Thanksgiving is right around the corner. More cooking fires will occur on this day than any other day of the year; many as a result of turkey frying, which has grown in popularity in recent years. Keeping your home and your family safe is your number one priority. Accidents and natural disasters can happen at any time and there is little that can be done to protect against them. Fire, a major danger and the cause of billions of dollars of damage each year, is something that you can guard against.
Below are six tips you can do to help reduce the risk of fire of fire this Thanksgiving as well as throughout the fall and winter.
Propane-fired turkey fryers must be used outdoors. Fryers could tip over or collapse causing the hot oil to spill so make sure to place them on a solid surface.
The majority of reported incidents occurred while the oil was being heated, prior to adding the turkey. For this reason, it is very important consumers monitor the temperature of the oil closely. If any smoke at all is noticed coming from a heating pot of oil, the burner should be turned off immediately because the oil is overheated.
There is a risk of injury resulting from splashing due to the cooking of partially frozen meats. Thoroughly thaw and dry ALL meats before cooking in hot oil.
For more safety guidelines on Turkey Fryers, visit www.cpsc.com.
Tip 2: Keep your fire in the pit.
Fire pits are becoming a wonderful tradition to use on Thanksgiving, Christmas, New Year’s and special occasions, and may be built for year-round use. Permanent fire pits are generally made of stone, concrete or metal and come in all sizes and shapes. These types of fire pits generally require a permit to be built and may need to be approved through your homeowners association. Portable fire pits are designed strictly for outdoor use. Portable fire pits are popular due to easy storage when not in use.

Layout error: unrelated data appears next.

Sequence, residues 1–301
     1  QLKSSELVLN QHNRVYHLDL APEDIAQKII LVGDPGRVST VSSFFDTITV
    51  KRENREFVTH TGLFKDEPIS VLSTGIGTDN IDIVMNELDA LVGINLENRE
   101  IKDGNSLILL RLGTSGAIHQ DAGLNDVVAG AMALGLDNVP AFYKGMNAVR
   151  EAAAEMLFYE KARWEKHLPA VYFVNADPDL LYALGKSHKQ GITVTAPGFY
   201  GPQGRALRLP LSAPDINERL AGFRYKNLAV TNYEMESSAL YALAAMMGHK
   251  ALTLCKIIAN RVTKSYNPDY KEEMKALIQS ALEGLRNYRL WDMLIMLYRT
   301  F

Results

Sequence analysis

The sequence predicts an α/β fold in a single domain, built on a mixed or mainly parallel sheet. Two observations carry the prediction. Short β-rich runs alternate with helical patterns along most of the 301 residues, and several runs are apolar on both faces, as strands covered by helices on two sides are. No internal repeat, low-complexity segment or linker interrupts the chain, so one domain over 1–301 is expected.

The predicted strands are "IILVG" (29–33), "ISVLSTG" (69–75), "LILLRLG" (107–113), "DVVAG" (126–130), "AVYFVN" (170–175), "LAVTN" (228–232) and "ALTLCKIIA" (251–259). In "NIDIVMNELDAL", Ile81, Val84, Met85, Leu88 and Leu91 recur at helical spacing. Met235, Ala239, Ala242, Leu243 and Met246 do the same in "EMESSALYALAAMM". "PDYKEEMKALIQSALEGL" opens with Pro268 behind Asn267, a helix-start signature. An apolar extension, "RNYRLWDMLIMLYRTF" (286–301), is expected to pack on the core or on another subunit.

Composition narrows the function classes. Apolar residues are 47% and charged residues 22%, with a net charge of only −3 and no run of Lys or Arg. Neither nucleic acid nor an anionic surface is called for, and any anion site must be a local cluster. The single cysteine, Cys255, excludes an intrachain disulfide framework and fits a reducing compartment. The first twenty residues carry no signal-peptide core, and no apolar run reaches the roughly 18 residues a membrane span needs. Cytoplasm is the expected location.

If using a portable fire pit, place your fire pit on a solid surface in an open area and no closer than 10 feet from anything flammable, including your house and overhead tree branches.
If using a wood-burning pit, use dry, well-seasoned sticks and don’t overload the pit. Keep a garden hose and a bucket of dry sand nearby in case you experience a flare-up. A fire extinguisher can also come in handy.
According to the National Fire Protection Association, heating devices are the leading cause of home fires between the months of December and February. In most cases, fires are started because the space heater is placed too close to combustibles, or placed near a bed.
Buying newer models that have temperature controls and auto shut-off capabilities if it should overheat or fall are recommended. Portable, electric space heaters need three feet of clear space in all directions. Keep heaters away from draperies, furniture, bedspreads, people and pets. Also, homeowners should have their central heating equipment professionally inspected and serviced each heating season. And for homeowners who regularly have logs burning in the fireplace, have the chimney inspected and cleaned annually.
Tip 4: Stand by your pan.
Cooking, particularly stove-top cooking, may also lead to home fires. Many such fires happen when residents start something on the stove, become distracted, leave the kitchen and forget to come back to it. If you have to leave the kitchen while cooking, turn the stove burner(s) off.
Tip 5: Check electrical cords and don’t overload the circuits.
Faulty or worn electrical cords are another top cause of home fires. Cords that become frayed or cracked can send sparks to flammable surfaces and start a fire. Check all electrical cords to make sure they are in good shape, and replace those that have deteriorated.
Also, do not overload the circuits. Stick with one plug per receptacle/outlet.
Tip 6: Test your smoke alarms.
Some alarms won’t prevent fires from occurring but they can help limit the damage to your home as well as save lives by letting you know a fire exists. All households should have at least one smoke alarm on each floor and preferably one in each bedroom. Smoke alarms tested and batteries replaced once a year.
Source: Pennsylvania Insurance Department, U.S. Consumer Product Safety Commission